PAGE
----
EPA Agenda Includes Stormwater, Fly Ash and Lead Paint Regulations
As 2014 gets into gear, the U.S. Environmental Protection Agency (EPA) is expected to make some significant regulatory decisions. The latest EPA agenda includes items from revisions to the construction stormwater management rules for active and completed sites and expanded federal jurisdiction under the Clean Water Act to new rules governing the management and disposal of fly ash. Read on to identify and evaluate U.S. EPA activities so you can stay one step ahead of new requirements.
The White House Office of Management and Budget recently published its semi-annual Unified Agenda of Federal Regulatory Actions, which includes rulemaking priorities for EPA. EPA’s companion Regulatory Plan explains that it intends for its rulemaking efforts to support six “guiding priorities,” which are: (1) making a visible difference in communities; (2) addressing climate change and improving air quality; (3) taking action on toxics and chemical safety; (4) protecting water; (5) launching a new era of state, tribal, and local partnership; and (6) working toward a sustainable future.
EPA currently has more than 150 regulations in some stage of development. In the coming months, AGC will be closely tracking and reporting on dozens of anticipated actions. Below are summaries of EPA actions with a potentially significant or direct impact on construction activities.
Water & Wetlands
- Remove the nationwide turbidity limit on construction stormwater runoff (final rule signed Feb. 21, publication in Federal Register soon). In 2009, EPA promulgated the Effluent Limitations Guidelines and Standards for the Construction and Development Point Source Category (C&D ELG), which directs permitting authorities to require operators of construction sites to employ certain best management practices (BMPs), as a bare minimum, to control stormwater during active construction. Industry petitioners challenged the final rule – particularly, the numeric limitation on the allowable level of turbidity of stormwater discharges from certain construction sites (and related monitoring requirements), culminating in litigation consolidated before the Seventh Circuit. As previously reported, to resolve the lawsuit, EPA committed to withdraw the turbidity limit and to revise certain aspects of the non-numeric BMP requirements. EPA proposed such actions in April 2013. AGC filed supporting comments, but prior to that, AGC also took significant steps to ensure that EPA’s 2012 Construction General Permit did not include any limits or discharge monitoring requirements. While not a named party in the case, AGC has been heavily involved in EPA’s efforts to develop appropriate controls for construction site stormwater runoff for more than 15 years.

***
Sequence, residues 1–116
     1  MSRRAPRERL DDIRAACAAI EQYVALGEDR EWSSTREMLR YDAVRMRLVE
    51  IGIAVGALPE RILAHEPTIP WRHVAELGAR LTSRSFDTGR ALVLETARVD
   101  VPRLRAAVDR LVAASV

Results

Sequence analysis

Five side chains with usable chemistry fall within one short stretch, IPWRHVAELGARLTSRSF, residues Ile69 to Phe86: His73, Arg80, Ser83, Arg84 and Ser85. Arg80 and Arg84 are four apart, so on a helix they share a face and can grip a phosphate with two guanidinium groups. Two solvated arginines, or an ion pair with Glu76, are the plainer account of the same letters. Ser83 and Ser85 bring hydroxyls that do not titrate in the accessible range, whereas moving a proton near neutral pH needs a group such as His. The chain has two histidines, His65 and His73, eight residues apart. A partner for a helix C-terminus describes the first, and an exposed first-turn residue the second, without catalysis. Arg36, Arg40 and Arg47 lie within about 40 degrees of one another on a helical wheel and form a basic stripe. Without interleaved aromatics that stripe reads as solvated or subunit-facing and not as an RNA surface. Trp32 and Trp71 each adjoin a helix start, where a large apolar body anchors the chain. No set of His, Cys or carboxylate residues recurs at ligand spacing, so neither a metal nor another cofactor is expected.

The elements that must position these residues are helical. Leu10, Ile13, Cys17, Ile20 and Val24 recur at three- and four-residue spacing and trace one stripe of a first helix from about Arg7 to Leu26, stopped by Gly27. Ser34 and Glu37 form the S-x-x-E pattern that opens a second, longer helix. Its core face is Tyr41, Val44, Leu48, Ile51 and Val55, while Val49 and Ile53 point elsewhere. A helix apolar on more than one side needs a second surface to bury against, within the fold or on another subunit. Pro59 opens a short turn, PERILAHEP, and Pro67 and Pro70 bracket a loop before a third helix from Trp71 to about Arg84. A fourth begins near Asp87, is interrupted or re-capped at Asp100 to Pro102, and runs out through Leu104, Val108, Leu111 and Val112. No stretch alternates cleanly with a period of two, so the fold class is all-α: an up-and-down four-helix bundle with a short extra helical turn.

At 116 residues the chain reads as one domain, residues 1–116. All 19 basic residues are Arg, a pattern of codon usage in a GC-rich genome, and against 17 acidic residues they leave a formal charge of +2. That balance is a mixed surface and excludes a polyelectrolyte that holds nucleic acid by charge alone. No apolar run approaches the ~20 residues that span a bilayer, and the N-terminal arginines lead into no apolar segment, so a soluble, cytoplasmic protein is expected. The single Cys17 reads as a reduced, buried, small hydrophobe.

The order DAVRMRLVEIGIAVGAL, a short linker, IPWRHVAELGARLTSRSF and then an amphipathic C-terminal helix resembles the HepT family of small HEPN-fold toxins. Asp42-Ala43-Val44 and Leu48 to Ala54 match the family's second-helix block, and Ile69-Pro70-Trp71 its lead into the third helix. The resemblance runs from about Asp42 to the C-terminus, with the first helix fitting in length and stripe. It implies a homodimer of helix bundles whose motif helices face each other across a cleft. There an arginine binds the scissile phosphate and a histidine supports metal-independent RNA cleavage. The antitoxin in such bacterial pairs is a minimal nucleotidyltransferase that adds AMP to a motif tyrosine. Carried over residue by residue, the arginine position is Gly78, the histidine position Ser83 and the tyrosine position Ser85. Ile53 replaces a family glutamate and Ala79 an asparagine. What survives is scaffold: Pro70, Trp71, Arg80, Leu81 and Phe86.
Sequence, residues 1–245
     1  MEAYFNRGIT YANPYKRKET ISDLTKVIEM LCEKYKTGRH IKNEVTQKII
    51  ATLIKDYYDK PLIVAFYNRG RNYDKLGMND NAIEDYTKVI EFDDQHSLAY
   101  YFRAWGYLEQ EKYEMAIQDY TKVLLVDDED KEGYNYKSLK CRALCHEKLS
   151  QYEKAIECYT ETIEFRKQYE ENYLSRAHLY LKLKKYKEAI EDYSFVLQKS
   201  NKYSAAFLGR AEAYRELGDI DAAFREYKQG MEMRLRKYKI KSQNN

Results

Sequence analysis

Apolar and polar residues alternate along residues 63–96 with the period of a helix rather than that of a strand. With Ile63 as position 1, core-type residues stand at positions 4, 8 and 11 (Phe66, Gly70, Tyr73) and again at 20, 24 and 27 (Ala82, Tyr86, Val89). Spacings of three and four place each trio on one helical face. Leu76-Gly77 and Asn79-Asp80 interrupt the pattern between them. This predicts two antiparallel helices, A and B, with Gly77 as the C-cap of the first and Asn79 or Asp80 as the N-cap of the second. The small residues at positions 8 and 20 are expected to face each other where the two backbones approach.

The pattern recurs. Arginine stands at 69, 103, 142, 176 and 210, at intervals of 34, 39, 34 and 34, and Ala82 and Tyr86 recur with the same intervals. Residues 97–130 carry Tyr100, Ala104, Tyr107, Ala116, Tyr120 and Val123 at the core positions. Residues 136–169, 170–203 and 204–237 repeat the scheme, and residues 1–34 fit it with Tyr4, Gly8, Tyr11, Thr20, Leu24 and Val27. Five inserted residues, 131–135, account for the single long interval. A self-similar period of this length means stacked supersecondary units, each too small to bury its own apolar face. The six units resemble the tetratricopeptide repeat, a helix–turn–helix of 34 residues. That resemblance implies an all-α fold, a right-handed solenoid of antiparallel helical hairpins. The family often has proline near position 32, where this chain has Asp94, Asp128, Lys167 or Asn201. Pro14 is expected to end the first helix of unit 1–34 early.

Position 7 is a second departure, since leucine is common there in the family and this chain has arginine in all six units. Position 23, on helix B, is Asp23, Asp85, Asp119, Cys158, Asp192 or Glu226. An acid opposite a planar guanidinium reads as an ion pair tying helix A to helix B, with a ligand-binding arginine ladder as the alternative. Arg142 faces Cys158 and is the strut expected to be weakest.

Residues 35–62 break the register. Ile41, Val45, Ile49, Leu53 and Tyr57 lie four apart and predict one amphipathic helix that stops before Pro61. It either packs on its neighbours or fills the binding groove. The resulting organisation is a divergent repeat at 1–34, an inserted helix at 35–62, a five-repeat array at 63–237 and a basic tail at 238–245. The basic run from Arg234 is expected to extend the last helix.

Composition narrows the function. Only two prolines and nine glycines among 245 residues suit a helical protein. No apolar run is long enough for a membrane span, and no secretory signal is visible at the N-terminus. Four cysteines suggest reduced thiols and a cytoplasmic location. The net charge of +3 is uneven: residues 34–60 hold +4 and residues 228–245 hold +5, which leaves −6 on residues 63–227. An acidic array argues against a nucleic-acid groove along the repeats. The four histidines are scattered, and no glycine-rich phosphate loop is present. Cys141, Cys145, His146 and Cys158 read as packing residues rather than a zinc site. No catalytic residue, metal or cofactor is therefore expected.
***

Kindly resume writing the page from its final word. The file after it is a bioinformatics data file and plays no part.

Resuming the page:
- Reissue EPA’s Multi-sector General Permit (MSGP) (final permit expected in the spring of 2014). Construction companies that perform activities associated with cement or concrete manufacturing, asphalt paving, minerals mining, or landfill operations will all likely be impacted by upcoming changes to EPA’s MSGP. AGC recently submitted comments on EPA’s proposed draft permit. Once re-issued, EPA’s MSGP will be directly applicable in all or part of ten states and the District of Columbia, on Indian lands, and in some territories. It will also serve as a model for other state-issued general permits, as it is looked to and cited by water regulatory agencies as an authority on EPA’s industrial stormwater permitting strategy. (A separate Construction General Permit is the legal mechanism to authorize stormwater discharges from active construction sites that disturb one acre or more of land.)
- Expand the universe of regulated stormwater discharges and, at a minimum, regulate stormwater discharges from newly developed and redeveloped sites (long-term action; local requirements beginning to appear in EPA’s MS4 permits). EPA has long regulated stormwater discharges from active construction sites but most recently has begun to focus its attention on stormwater discharges from already developed sites. In a 2010 settlement of a lawsuit brought by the Chesapeake Bay Foundation, EPA agreed to propose a post-construction stormwater rule by June 2013; the agency has missed its deadline. It appears that EPA has initiated a “piecemeal” approach via mandates in municipal stormwater permits that restrict stormwater flow and force green infrastructure techniques designed to capture/retain runoff. In related news, 10 environmental groups have filed legal petitions aimed at forcing EPA to take action to require owners to alter/retrofit their already built sites.